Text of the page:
Gay-Lussac used the formula acquired from ΔV/V = αΔT to define the rate of expansion α for gases. For air, he found a relative expansion ΔV/V = 37.50% and obtained a value of α = 37.50%/100°C = 1/266.66°C which indicated that the value of absolute zero was approximately 266.66°C below 0°C.[12] The value of the rate of expansion α is approximately the same for all gases and this is also sometimes referred to as Gay-Lussac's Law. See the introduction to this article, and Charles's Law.

• Avogadro's law – Relationship between volume and amount of a gas at constant temperature and pressure
• Boyle's law – Relationship between pressure and volume in a gas at constant temperature
• Charles's law – Relationship between volume and temperature of a gas at constant pressure
• Combined gas law – Combination of Charles', Boyle's and Gay-Lussac's gas laws

## References

1. ^ "Sur la combinaison des substances gazeuses, les unes avec les autres," Mémoires de physique et de chimie de la Société d’Arcueil, vol. 2 (1809), 207-34.
2. ^ "Sur la dilatation des gaz," Annales de chimie, 43 (1802), 137-75.
3. ^ Gay-Lussac (1809) "Mémoire sur la combinaison des substances gazeuses, les unes avec les autres" (Memoir on the combination of gaseous substances with each other), Mémoires de la Société d'Arcueil 2: 207–234. Available in English at: Le Moyne College.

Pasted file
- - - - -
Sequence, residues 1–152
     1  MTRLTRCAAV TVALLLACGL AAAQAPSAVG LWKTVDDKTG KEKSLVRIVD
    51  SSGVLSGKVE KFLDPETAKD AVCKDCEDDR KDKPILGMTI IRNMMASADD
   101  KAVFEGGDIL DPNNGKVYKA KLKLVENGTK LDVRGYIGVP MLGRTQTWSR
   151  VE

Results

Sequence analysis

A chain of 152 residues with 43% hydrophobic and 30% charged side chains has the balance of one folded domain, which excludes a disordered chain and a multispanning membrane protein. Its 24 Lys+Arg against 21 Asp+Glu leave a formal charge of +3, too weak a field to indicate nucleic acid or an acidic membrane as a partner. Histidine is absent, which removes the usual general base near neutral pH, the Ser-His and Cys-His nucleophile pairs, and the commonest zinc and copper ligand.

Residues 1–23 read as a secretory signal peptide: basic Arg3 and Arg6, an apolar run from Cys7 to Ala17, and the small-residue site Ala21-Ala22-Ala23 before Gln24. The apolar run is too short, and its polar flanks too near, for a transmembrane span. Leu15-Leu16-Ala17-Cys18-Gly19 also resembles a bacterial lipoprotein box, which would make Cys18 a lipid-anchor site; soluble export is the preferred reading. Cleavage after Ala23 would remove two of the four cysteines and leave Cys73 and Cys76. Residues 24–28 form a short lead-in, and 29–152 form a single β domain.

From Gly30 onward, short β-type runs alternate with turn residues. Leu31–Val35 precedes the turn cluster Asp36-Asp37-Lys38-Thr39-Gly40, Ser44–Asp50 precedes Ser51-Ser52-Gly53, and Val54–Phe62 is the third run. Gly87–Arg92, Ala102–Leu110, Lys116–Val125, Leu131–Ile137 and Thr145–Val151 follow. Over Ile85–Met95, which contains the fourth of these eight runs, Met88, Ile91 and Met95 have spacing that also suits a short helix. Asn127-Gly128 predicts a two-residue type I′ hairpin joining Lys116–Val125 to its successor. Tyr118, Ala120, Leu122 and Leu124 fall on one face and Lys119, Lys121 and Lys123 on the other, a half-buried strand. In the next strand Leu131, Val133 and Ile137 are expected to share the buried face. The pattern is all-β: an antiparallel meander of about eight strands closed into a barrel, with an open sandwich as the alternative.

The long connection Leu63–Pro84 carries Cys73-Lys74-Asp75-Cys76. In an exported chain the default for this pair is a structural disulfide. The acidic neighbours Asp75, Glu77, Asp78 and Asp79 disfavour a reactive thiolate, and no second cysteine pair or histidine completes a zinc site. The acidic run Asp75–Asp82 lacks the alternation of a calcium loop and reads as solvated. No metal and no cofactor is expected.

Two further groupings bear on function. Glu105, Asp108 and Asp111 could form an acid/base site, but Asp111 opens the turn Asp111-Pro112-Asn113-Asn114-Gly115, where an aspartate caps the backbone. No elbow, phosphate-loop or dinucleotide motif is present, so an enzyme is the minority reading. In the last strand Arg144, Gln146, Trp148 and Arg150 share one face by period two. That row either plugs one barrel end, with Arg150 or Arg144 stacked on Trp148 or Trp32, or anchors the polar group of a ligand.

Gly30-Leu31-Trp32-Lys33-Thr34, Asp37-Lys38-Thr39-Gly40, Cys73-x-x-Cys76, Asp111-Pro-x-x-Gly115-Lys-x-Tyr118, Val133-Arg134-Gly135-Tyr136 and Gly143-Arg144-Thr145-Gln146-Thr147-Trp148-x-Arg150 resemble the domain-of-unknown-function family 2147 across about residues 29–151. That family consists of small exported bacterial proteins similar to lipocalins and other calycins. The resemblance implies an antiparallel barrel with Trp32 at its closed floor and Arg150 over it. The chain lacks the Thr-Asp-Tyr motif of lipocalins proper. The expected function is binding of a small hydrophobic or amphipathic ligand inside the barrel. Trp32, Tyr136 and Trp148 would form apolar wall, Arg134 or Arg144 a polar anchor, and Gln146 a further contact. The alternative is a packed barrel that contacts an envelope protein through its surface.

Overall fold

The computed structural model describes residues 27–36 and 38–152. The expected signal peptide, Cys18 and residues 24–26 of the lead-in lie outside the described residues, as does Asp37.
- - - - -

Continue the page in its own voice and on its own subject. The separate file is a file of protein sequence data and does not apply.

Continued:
4. ^ "Joseph-Louis Gay-Lussac". chemistryexplained.com.
5. ^ Hartley Harold (1966). "Stanislao Cannizzaro, F.R.S. (1826–1910) and the First International Chemical Conference at Karlsruhe". Notes and Records of the Royal Society of London. 21 (1): 56–63. doi:10.1098/rsnr.1966.0006. S2CID 58453894.
6. ^ Tippens, Paul E. (2007). Physics, 7th ed. McGraw-Hill. 386–387.
7. ^ Cooper, Crystal (Feb. 11, 2010). "Gay-Lussac's Law". Bright Hub Engineering. Retrieved from http://www.brighthubengineering.com/hvac/26213-gay-lussacs-law/ on July 8, 2013.
8. ^ Verma, K.S. - Cengage Physical Chemistry Part 1 - Section 5.6.3
9. ^ Crosland, Maurice P. (2004). Gay-Lussac: Scientist and Bourgeois. Cambridge University Press. 119–120.
10. ^ Asimov, Isaac (1966). Understanding Physics – Motion, Sound, and Heat. Walker and Co. 191–192.
11. ^ Gay-Lussac (1802), "Recherches sur la dilatation des gaz et des vapeurs" (Researches on the expansion of gases and vapors), Annales de Chimie 43: 137–175. On page 157, Gay-Lussac mentions the unpublished findings of Charles: "Avant d'aller plus loin, je dois prévenir que quoique j'eusse reconnu un grand nombre de fois que les gaz oxigène, azote, hydrogène et acide carbonique, et l'air atmosphérique se dilatent également depuis 0° jusqu'a 80°, le cit. Charles avait remarqué depuis 15 ans la même propriété dans ces gaz ; mais n'avant jamais publié ses résultats, c'est par le plus grand hasard que je les ai connus." (Before going further, I should inform [you] that although I had recognized many times that the gases oxygen, nitrogen, hydrogen, and carbonic acid [i.e., carbon dioxide], and atmospheric air also expand from 0° to 80°, citizen Charles had noticed 15 years ago the same property in these gases; but having never published his results, it is by the merest chance that I knew of them.) Available in English at: Le Moyne College.
12. ^ Gay-Lussac (1802). "Recherches sur la dilatation des gaz et des vapeurs". Annales de chimie, ou, Recueil de mémoires concernant la chimie (in French).